Originally written for University of the Arts London.
It was introduced to our parents as a wonder material for its convenient plasticity, accessibility and also for its beauty. As the cornerstone of modern life, plastic has adorned our homes in the form of toys, household bric-à-brac and furniture items, like the beloved Monobloc chair. In the mid 1950s, before the 1960s boom in iconic plastic furniture, the chemical company Monsanto celebrated plastic with a futuristic house, made and furnished entirely with synthetic materials. The house was named ‘House of the Future’ and was exhibited in Disneyland for 10 years.
Very little has changed since then, as we still celebrate and adore plastic. The 21st century version of ‘House of the Future’ is somewhat illusive and has gained a steady popularity among many image makers and designers. Facilitated by Cinema 4D, digital renders of glossy surfaces, wrapped in vivid candy hues, dazzle our screens with visions of a sleek otherworldly reality. One popular and hypnotic motif that sticks to mind, is bouncing elastic balls that give an air of soothing innocence whilst they resemble Microbeads (minuscule plastic particles) that are found in some beauty and cleaning products.
As creative practitioners, we are fuelled by the power of images to evoke emotions and stimulate desire in our audience, for better or for worse. With that in mind, digital renders of high shine plastic and silicon surfaces in artificial colours might subconsciously perpetuate a deep-rooted appetite for plastic. Similar to sugar craving, the more you have around you, the more you want it!
We have made some recent progress in understanding the dilemmas of single-use plastic, and we are gradually coming to terms with the unviability of plastic recycling, because of its high carbon footprint. Our next task is to really grasp the vast ramifications of producing fossil fuel plastic. There is some research being done in bioplastics but critics argue that mass production of bioplastics will have its downsides and won’t be human- and earth-friendly.
Luckily, the creative community has become increasingly disapproving of foam-based products and techniques such as lamination and foil blocking, among others, as they are harmful to the environment. This attitude change opens the door to expanding our material palette and moving towards eliminating plastic from both our tactile and visual encyclopaedia. Through skilful creativity, it is in our power to de-normalise environmentally unsound materials, regardless of their current desirability. As a UAL student and alumni you can also use Not Just A Shop as a platform for your design merchandise to shape consumer taste preferences, with products that are in harmony with nature and our future well-being.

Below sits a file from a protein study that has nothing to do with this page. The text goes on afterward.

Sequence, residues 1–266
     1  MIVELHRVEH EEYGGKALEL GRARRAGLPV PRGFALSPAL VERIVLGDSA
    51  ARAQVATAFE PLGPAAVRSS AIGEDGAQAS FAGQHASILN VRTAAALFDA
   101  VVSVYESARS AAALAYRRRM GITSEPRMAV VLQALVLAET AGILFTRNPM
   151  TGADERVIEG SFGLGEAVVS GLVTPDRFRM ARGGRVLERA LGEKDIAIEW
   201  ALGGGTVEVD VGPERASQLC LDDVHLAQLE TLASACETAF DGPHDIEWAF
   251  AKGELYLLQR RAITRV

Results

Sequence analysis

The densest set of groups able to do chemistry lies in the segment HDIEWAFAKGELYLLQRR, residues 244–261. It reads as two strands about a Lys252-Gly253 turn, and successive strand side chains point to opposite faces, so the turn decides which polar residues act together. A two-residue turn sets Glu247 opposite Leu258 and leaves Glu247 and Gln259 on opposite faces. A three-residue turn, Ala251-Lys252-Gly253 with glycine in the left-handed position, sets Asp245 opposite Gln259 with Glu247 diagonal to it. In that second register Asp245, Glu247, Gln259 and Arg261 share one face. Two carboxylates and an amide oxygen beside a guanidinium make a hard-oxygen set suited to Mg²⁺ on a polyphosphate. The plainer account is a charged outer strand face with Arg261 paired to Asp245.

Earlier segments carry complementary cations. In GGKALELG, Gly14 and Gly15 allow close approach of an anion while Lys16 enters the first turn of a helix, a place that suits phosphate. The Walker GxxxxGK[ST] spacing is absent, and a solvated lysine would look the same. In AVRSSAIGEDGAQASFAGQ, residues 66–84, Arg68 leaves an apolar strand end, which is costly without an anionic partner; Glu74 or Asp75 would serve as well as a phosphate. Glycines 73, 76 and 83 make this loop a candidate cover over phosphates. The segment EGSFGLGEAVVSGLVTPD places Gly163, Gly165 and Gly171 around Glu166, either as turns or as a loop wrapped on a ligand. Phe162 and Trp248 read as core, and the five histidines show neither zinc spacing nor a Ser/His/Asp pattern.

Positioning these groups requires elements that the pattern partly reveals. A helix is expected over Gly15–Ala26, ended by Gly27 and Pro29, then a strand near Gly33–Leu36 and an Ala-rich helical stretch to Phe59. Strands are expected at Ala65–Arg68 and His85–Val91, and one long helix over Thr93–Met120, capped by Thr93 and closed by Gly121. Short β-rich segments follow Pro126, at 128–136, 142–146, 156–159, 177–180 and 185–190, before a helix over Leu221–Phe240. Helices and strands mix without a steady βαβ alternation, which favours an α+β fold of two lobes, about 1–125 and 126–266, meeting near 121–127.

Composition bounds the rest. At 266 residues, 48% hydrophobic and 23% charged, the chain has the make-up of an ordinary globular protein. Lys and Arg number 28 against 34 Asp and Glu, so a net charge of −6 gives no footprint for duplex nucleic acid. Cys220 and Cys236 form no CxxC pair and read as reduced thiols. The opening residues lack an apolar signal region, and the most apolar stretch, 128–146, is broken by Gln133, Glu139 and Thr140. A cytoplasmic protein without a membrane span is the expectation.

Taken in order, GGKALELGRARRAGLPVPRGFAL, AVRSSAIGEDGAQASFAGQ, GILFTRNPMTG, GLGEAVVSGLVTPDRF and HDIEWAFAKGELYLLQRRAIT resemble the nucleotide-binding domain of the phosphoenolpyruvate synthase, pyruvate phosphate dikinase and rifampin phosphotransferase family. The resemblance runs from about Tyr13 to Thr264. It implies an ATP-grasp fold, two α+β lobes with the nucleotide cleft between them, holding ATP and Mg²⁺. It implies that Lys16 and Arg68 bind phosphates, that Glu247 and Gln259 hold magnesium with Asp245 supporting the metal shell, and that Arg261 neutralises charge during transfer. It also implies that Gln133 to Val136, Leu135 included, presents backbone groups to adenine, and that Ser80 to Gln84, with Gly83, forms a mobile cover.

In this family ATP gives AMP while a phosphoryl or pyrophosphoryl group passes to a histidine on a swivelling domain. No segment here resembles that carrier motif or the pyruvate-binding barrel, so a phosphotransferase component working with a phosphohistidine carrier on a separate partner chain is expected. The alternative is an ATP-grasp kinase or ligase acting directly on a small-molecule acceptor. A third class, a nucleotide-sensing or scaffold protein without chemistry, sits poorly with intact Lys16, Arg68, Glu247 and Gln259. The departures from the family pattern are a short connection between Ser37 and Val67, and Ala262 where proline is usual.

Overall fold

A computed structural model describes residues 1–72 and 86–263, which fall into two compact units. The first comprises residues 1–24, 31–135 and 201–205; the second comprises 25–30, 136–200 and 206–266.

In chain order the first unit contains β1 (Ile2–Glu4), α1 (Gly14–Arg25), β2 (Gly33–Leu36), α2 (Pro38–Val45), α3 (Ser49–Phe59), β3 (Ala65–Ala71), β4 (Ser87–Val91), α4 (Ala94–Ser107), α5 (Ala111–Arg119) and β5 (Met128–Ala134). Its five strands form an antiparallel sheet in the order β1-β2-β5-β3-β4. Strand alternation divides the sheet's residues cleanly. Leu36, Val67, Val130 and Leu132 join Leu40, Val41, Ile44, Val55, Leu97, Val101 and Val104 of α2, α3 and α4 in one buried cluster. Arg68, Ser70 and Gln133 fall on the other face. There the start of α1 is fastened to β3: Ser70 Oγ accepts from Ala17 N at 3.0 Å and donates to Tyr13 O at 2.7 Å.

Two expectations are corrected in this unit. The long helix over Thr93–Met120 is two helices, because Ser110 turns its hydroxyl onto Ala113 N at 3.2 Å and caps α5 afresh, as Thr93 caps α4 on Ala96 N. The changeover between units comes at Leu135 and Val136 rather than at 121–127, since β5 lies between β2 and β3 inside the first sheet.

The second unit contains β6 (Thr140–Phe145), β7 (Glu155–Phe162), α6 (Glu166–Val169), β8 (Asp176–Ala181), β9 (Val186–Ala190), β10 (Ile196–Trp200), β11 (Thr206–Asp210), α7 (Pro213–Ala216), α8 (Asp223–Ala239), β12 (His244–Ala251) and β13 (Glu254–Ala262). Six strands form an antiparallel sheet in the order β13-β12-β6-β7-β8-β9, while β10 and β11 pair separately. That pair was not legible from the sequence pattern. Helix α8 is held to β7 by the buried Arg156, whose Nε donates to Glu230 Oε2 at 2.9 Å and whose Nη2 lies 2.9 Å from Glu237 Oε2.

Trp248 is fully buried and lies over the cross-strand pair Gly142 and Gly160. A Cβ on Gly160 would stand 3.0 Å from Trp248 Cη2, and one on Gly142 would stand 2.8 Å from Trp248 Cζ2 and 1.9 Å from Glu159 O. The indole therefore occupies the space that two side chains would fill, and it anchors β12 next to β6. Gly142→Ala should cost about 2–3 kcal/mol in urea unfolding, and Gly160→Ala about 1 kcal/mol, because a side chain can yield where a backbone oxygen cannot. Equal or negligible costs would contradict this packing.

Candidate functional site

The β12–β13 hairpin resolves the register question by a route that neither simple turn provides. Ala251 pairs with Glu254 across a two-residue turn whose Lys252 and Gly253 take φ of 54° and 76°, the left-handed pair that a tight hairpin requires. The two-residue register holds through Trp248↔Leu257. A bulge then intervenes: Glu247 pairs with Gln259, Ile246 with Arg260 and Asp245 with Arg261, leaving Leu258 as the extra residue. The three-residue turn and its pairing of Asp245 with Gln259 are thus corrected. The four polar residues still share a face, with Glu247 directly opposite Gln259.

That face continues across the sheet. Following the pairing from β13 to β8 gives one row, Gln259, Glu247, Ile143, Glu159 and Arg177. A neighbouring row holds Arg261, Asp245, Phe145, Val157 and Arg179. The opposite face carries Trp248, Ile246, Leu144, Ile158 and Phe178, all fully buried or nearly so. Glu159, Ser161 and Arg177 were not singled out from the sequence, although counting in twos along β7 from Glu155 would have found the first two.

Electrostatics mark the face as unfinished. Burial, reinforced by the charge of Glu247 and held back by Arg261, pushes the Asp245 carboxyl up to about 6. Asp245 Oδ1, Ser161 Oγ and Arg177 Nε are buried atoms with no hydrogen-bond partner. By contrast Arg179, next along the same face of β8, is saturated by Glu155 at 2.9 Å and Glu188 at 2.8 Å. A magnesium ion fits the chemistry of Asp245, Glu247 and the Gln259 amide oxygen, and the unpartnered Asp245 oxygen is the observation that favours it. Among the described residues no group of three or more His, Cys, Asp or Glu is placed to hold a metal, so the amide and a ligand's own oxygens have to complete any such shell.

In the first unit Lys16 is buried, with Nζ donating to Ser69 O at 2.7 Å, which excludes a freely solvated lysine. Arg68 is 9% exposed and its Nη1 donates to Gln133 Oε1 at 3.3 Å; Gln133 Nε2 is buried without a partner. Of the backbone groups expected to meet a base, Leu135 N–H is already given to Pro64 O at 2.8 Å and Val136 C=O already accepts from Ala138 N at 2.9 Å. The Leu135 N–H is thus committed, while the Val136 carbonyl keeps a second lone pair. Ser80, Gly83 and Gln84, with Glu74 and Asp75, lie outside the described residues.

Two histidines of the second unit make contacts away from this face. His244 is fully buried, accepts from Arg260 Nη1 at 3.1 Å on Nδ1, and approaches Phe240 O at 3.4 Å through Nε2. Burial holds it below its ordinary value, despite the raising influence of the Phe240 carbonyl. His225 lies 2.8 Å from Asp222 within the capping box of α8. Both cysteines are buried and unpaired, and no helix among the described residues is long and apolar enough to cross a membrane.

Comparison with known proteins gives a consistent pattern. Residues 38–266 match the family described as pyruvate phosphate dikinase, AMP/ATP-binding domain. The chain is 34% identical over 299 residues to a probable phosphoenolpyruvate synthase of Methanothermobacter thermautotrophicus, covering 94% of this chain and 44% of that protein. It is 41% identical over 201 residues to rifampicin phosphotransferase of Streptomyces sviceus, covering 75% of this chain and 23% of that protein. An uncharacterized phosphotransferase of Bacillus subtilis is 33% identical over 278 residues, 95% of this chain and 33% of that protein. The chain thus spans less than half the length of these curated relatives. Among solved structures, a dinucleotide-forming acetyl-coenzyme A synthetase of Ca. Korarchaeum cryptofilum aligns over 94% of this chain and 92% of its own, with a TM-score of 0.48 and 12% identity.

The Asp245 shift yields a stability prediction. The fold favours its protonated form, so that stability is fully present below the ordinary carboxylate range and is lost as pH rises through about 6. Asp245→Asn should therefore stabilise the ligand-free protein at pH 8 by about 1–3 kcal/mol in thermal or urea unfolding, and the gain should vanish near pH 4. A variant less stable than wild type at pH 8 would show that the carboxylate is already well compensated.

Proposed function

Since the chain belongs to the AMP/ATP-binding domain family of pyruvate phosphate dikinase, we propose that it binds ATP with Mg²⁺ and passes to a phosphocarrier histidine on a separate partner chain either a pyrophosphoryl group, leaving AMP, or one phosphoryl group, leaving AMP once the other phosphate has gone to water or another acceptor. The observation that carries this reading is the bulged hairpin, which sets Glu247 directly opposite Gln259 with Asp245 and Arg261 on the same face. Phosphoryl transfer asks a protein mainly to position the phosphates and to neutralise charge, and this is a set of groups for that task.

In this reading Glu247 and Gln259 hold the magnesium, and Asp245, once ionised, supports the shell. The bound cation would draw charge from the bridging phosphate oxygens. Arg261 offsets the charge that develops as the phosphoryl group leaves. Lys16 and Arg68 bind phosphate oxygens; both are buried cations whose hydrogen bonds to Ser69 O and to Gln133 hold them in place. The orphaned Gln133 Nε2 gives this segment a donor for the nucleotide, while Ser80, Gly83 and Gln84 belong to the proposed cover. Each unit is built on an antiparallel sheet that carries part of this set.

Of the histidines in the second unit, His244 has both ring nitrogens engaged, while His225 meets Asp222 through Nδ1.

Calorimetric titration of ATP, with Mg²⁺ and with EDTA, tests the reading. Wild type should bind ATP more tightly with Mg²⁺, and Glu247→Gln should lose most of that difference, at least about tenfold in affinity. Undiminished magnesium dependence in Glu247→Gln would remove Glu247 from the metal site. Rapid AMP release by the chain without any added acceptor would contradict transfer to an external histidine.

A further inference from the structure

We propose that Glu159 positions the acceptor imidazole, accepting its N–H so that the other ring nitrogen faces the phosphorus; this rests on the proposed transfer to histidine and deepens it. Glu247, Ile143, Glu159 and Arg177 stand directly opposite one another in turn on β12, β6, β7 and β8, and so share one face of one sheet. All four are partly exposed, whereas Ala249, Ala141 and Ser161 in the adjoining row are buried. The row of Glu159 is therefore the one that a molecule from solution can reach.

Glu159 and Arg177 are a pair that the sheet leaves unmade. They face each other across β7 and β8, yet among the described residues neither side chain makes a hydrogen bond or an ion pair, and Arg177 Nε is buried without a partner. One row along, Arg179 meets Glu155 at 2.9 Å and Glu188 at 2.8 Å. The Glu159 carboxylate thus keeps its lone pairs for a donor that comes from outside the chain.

1) You have either interrogated the brief handed to you or written your own, 2) carried out necessary research, 3) identified the problem, 4) re-written the brief to answer the problem and 5) generated a fitting concept. You are now in the design phase and are faced with indecision. You know that the antidote to creative blocks is joyful experimentation and lots of them. You also know that inquisitive trial and error helps boost your design sensibility, but how do you go about formulating a visual outcome that communicates your message effectively, encompassing the core concept regardless of trends and what is #trending.
Only a few scrolls away, the pervasive presence of design and visual references by creative influencers can sometimes have an overpowering effect, subconsciously making us view them as the accepted visual language, clouding our own creative vision.
If you, like many other creatives, follow design platforms and creative influencers on social media, it is likely that you are being served fairly homogeneous cultural references by the hands of social media algorithm. When the same visuals are ceaselessly reposted and circulated from one platform to another, it can be tempting to mimic them. At the same time, for many creatives, there is something problematic about the idea of ‘being influenced’. We like to be ‘inspired’ by a myriad of unexpected sources and tend to thirst for self-authored design solutions and visual outcomes.